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Absolute Max & Absolute Min

  1. Mar 5, 2006 #1
    I have been understanding these so far but this one it says is wrong, but I cant figure out why.

    "Find the absolute maximum and absolute minimum of the function f(x,y) = xy - 5 y - 25 x + 125 on the region on or above y = x^2 and on or below y = 29."

    I get the absolute max to be =148.15 at (-5/3,25/9), which is correct.
    I get the absolute min to be =0 at (5,25), which is wrong, but I cant find any more points of interest, as far as I can see 0 at (5,25) is right :grumpy:

    If you have any clues/suggestions, I would greatly appreciate it :smile:
     
  2. jcsd
  3. Mar 5, 2006 #2
    You have not properly examined what happens to f on the boundary of the region.
     
  4. Mar 5, 2006 #3
    which boundry? y=29 or y=x^2?

    for y=x^2 i get the points (5,25) and (-5/3,25/9)
    for y=29 i get no points

    I have looked over each one a half dozen times, if you know which one the problem is in, id like to know thx.
     
    Last edited: Mar 5, 2006
  5. Mar 5, 2006 #4
    Well, I know there's at least one point on "the y = 29 boundary" where f is negative. When you consider what happens to f restricted to y = 29, you are checking the endpoints of the interval (which x can range over) and not just the points where the derivative equals 0, right?
     
  6. Mar 5, 2006 #5
    ahhh, because at the endpoints it may be an extrema yet the derivative is non-zero. Got it! Thx alot!
     
  7. Mar 5, 2006 #6
    so if my range is a circle, there are no endpoints to check right?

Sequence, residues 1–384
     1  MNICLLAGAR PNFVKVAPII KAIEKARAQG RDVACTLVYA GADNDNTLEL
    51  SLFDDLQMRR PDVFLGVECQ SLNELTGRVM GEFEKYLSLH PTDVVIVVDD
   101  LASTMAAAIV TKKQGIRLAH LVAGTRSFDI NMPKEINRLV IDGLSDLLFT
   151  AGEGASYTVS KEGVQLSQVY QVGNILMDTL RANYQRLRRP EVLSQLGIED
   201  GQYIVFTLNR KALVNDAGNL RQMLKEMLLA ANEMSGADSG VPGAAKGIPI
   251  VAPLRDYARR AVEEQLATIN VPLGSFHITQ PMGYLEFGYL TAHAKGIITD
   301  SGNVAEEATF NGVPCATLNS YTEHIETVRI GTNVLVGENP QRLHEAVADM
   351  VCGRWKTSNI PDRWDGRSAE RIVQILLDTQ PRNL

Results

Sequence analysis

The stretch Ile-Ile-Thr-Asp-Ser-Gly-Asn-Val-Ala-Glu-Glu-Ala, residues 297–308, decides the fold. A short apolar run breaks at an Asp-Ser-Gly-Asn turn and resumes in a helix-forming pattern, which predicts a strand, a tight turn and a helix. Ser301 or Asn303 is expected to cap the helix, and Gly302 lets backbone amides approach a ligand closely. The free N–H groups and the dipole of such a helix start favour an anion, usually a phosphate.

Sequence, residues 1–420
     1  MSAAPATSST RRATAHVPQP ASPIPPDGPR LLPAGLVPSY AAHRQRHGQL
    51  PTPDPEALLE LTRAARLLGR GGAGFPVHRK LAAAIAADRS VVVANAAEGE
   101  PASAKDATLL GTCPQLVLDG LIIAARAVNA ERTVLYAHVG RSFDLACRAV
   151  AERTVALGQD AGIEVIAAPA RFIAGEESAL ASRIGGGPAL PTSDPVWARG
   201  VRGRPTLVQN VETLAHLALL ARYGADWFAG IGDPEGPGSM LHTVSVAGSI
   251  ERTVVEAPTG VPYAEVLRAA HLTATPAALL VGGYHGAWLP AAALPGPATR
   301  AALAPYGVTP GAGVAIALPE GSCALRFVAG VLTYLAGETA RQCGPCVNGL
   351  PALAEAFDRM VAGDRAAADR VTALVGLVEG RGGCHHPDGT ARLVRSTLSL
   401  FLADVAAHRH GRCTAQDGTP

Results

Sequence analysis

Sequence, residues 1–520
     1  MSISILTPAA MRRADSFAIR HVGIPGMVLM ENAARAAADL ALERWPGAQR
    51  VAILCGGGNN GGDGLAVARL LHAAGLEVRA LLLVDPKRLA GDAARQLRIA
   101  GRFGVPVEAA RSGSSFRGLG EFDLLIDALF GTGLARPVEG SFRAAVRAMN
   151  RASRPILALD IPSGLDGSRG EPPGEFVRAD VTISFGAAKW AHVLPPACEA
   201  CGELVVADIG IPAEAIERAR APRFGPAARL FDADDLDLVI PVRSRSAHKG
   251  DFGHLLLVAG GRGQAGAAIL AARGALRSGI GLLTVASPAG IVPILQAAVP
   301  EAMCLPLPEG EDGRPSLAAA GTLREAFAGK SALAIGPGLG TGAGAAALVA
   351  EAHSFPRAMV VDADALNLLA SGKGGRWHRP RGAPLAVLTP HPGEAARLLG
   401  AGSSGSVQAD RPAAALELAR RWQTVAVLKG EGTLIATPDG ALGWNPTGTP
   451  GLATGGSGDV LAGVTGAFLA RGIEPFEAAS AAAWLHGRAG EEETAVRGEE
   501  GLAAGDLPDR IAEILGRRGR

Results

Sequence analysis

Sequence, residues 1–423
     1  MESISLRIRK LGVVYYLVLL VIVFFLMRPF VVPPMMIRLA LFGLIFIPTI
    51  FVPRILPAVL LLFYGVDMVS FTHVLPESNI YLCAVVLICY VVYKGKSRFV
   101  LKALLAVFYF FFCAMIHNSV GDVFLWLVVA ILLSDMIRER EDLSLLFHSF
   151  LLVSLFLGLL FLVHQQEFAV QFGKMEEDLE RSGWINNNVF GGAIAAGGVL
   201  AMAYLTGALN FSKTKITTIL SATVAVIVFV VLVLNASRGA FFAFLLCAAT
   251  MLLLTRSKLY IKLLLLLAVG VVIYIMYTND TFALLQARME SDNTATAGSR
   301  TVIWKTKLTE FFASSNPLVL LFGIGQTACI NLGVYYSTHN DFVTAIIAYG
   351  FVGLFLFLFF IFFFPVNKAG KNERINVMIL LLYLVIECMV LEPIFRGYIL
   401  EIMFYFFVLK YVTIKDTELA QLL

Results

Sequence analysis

8. Mar 5, 2006 #7

    HallsofIvy

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    But the entire circle would be the boundary. Write the boundary in parametric equations, plug those parametric equations into the object function to get a function of one variable and then differentiate that.

    In this example, where the boundary was the parabola y= x2 and y= 29, you would need to look for max and min of
    f(x, 29)= 29x- 5(29)- 25x+ 125= 4x- 145+ 125= 4x- 20 for the y= 29 part of the boundary. That never has derivative 0 so you look for max and min at its endpoints, [itex]x= \pm \sqrt{29}[/itex].

    f(x,x2= x3- 5x2- 25x+ 125 has derivative 3x2- 10x- 25 which is never 0 and so you look for max and min at its endpoints, also [itex]x= \pm \sqrt{29}[/itex].
     
    Last edited: Mar 5, 2006
  9. Mar 5, 2006 #8
    ugg, sorry, but now Im even more confused on the next one.

    "Find the absolute maximum and absolute minimum of the function f(x,y) = 2x^3 + y^4 on the region {(x,y) | x^2 + y^2 =< 16} "

    When writing the boundry in parametrics, i use x=cos(theta) y=sin(theta)? THis gives me 1=<16 for my boundry...
     
  10. Mar 6, 2006 #9

    HallsofIvy

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    You have the wrong parametric equations. The boundary is the circle
    x2+ y2= 16 (the interior of the circle, < 16, is not the boundary!). The parametric equations are x= 4 cos([itex]\theta[/itex]), y= 4 sin([itex]\theta[/itex]).

    And you don't put those into the equation for the boundary (which would give you the trivial 16= 16), you put them into the equation for f:
    f(x,y)= f([itex]\theta[/itex])= 2(4)3cos3([itex]\theta[/itex])+ 44sin4([itex]\theta[/itex]).
     
  11. Mar 6, 2006 #10
    Thx for all your help, I really do appreciate it.

    I have been trying and trying this but Im simply unable to do it. I have the derivative of the boundry function in terms of theta, but I do not know how to solve it and find what values of theta give me 0. Im gonna go to the library and try to find a trig. book.
     
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